Officials shut down all schools in the second largest school district in the U.S. Tuesday after receiving an unspecified threat and ordered a massive search.
The threat that shut down campuses in the Los Angeles Unified School District was described as “credible.” Authorities are planning to search more than 900 schools in the LAUSD, which host more than 700,000 students.
“I think it’s important to take this precaution based on what has happened recently and what has happened in the past,” said LAUSD Superintendent Ramon Cortines, The Los Angeles Times reports. Cortines also said that the threat was against students at several schools.
“It was not to one school, two or three schools, it was many schools, not specifically identified, but there were many schools,” Cortines said. “That’s the reason I took the action I did.”
“We get threats all the time. This was a rare threat,” Cortines added. “I am not taking the chance of taking children any place into the building until I know it’s safe.”
The threat was delivered through an electronic message and mentioned backpacks and other packages, Cortines said. A school board member received the threat, LA Times reports.
According to the Washington Post, LAUSD spokeswoman Monica Carazo confirmed the “credible threat” was a bomb threat.
Concerned about the safety of the students and schools, Cortines asked police to search all school grounds, including adult school and early education centers, before reopening on Wednesday, LA Times reports.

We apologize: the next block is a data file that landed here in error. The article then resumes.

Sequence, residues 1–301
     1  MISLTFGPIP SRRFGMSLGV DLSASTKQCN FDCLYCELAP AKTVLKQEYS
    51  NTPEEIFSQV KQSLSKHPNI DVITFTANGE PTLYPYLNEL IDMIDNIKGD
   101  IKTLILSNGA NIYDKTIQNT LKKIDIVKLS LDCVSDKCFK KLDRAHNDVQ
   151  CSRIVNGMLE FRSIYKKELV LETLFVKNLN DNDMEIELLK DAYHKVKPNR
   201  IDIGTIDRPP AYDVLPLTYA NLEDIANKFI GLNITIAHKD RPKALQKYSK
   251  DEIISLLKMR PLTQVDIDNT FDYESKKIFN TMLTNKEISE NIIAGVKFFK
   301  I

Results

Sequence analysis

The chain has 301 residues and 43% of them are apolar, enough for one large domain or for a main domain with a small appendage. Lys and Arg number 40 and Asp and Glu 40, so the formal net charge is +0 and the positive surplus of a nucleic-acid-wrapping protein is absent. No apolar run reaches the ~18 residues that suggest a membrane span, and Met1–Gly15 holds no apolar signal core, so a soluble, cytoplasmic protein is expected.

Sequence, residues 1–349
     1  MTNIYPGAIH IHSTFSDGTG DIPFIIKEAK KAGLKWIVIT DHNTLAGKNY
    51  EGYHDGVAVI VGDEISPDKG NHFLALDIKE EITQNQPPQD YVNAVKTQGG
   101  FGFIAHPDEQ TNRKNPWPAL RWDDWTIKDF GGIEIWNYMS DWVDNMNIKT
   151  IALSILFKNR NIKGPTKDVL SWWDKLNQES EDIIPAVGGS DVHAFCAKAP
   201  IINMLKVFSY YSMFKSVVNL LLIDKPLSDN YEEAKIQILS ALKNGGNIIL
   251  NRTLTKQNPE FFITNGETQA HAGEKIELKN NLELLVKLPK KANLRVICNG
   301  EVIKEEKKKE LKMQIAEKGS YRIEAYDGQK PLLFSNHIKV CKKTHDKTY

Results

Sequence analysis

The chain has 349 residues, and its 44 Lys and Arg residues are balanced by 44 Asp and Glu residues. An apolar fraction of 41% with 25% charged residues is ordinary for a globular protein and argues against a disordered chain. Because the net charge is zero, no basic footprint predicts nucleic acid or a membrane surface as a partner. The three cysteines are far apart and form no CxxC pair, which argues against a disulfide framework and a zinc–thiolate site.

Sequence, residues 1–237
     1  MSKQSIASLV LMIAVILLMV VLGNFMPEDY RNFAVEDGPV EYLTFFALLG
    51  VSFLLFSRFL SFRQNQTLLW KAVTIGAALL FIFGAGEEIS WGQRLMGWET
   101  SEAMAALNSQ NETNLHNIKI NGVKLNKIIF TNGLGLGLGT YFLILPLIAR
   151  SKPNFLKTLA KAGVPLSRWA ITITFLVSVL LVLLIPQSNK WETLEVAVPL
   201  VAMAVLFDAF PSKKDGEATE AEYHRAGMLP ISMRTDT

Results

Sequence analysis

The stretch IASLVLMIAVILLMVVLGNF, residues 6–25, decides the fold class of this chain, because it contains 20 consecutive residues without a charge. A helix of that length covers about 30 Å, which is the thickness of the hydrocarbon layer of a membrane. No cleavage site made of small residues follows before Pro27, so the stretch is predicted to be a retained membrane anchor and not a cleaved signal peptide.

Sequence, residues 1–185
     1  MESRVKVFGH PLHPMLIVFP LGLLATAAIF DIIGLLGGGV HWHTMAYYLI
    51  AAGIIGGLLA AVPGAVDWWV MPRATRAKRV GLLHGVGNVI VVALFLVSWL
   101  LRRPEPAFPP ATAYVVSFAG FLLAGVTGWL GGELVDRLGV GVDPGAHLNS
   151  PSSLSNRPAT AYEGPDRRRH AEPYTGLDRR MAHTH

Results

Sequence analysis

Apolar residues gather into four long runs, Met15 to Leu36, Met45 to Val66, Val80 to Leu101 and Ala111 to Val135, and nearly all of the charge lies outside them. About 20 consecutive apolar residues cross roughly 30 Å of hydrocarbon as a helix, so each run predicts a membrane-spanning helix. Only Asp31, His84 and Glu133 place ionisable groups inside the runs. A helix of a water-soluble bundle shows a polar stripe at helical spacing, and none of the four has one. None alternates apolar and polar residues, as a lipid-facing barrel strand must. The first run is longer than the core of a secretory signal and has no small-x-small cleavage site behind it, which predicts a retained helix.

The FBI and the Los Angeles Police Department were helping with the investigation, said Los Angeles School Police Chief Steve Zipperman. “The threat is still being analyzed,” he said. “We have chosen to close our schools today until we can be sure our campuses are safe.”
Officials said that any students who had already arrived at their schools were supervised until parents could come get them.
Authorities said that they were unaware of any other threats to schools beyond the district, adding that the they would issue more details on the threat later on Tuesday.
Cortines’ move to close the schools comes less than two weeks after 14 people were killed by two shooters in San Bernardino, Calif., the deadlist terrorist attack in the U.S. since 9/11.
However, the U.S. has experienced several deadly attacks in schools recently, typically involving gunmen. The attack with the most casualties in the last 10 years occurred at Virginia Tech. A shooter killed 32 people, according to Reuters. The second deadliest was the 2012 shooting at Sandy Hook Elementary School in Newton, Conn., which left six educators and 20 children dead.